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Lucía Lewowicz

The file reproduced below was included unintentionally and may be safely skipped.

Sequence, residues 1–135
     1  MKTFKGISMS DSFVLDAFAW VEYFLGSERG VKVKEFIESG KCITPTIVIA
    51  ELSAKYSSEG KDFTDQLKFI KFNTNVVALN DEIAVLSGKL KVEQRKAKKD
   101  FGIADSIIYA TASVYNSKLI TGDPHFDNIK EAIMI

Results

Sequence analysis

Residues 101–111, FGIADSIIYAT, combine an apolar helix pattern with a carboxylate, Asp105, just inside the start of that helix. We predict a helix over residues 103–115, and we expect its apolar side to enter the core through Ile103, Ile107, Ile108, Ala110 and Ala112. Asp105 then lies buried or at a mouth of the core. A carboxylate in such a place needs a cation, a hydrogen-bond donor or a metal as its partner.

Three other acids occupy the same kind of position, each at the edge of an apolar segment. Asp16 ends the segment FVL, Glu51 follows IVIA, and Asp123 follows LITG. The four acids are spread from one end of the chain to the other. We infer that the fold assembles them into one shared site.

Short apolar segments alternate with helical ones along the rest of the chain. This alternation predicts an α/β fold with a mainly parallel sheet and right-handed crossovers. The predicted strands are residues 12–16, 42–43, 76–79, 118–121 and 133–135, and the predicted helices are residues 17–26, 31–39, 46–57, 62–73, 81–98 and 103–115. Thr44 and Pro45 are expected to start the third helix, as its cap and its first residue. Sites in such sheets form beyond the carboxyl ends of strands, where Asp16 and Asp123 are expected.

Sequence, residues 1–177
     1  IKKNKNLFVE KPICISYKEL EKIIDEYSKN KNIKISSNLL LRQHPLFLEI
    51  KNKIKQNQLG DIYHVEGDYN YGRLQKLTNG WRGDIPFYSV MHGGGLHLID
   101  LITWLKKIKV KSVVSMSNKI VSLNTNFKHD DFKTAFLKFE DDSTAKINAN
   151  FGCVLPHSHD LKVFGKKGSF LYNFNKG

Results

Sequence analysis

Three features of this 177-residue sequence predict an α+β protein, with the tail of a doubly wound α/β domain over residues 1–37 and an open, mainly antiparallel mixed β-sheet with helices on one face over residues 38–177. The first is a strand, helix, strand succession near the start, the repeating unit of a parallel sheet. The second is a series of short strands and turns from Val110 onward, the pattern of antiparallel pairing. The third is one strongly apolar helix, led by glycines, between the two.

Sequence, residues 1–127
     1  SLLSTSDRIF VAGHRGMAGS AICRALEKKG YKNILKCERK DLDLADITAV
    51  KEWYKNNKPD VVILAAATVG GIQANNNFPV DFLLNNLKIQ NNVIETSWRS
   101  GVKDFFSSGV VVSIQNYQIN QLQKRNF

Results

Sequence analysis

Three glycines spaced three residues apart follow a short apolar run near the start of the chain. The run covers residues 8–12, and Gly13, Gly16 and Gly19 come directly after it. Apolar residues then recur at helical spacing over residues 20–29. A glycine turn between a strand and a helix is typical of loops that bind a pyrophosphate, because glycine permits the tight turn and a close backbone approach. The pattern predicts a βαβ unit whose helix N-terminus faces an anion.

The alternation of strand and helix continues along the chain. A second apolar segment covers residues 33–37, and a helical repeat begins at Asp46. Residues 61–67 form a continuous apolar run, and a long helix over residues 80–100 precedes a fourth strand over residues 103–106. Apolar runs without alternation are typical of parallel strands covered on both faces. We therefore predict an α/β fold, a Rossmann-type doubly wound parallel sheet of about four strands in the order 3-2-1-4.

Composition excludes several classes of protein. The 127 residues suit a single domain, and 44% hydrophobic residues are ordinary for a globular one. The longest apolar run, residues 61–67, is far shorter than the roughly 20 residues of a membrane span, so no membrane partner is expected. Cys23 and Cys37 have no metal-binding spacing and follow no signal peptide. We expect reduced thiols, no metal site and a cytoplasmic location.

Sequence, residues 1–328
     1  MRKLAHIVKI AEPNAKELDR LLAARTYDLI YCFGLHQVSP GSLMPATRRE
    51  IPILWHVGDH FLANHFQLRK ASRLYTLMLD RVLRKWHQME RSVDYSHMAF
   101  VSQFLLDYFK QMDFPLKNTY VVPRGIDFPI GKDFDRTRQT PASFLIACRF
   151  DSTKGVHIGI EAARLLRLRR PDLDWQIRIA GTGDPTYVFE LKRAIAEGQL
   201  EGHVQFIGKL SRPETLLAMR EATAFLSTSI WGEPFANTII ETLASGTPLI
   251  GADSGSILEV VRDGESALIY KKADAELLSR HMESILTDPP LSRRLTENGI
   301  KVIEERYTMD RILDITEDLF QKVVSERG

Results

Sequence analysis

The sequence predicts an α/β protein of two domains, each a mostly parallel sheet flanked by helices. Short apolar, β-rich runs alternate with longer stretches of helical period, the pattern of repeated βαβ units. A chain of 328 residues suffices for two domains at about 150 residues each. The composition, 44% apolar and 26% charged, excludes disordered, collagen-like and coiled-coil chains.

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Finding out which terms – scientific or otherwise— fail to refer is an extremely complex business since both felicitous reference and failure to refer must be negotiated (Eco, 1997). Causal theories of reference –even so-called hybrid theories (Enç, 1967; Nola, 1980, Kitcher, 1978-93) – posit that in order to refer to something, we need the regulative idea of an ontological reference, which operates even when we refer to impossibilia or inconceivable objects. Evidently, this is not the case of the referent of phlogiston, which is neither inconceivable nor impossible, nor, alas, does it exist. In the antipodes, from a representational-physicalist point of departure (Devitt and Sterelny, 1987), a term fails to refer if it has no actual ontological grounds: phlogiston fails to refer because it has no physical existence. Phlogiston can even be considered to be a fictional entity, and referring to a fictional entity is not the same as a reference in a fiction or a fictional reference Salmon (1998): a fictional entity is an object in the same sense as an abstract object, and therefore we can genuinely refer to it. The question is: who claims that phlogiston does not exist? Nowadays, everyone does, fundamentally and primarily because science has established it as a fact. The process that led to this result is extremely complex, lengthy and multi-dimensional. It involved factors of several kinds: cognitive, social, political, historical, as well as ontological, and this last factor has been neglected. I do not claim that phlogiston (like dinosaurs) once existed and then ceased to exist -- science only allows us a sneak-peek into what exists and what, sometimes mistakenly, is supposed to exist. Paraphrasing Latour (1985), this inquiry is about following the journey of the referents, even when they do not end up being physical-existent or existing objects. I believe with Bach (1999, 2004) that the notion of reference is essentially pragmatic; that the difference between alluding to something and referring to or denoting something must be established; that to achieve this the semantic properties of terms are not sufficient, and finally that references are not semantic but cognitive properties that relate thoughts and objects of any kind. My assumption is that to refer to something one must be capable of having thoughts about it and that the propositions one attempts to communicate in the course of referring to it are singular with respect to it. Being in a position to have a thought about a particular thing requires being connected to that thing, via perception, memory, communication and/ or education. Therefore, only in an exceedingly narrow realist theory of reference does phlogiston fail to refer. Unless a theory of reference of scientific terms is based on the study of the actual linguistic communicative practices among scientists, it will inevitably pose serious epistemological difficulties.

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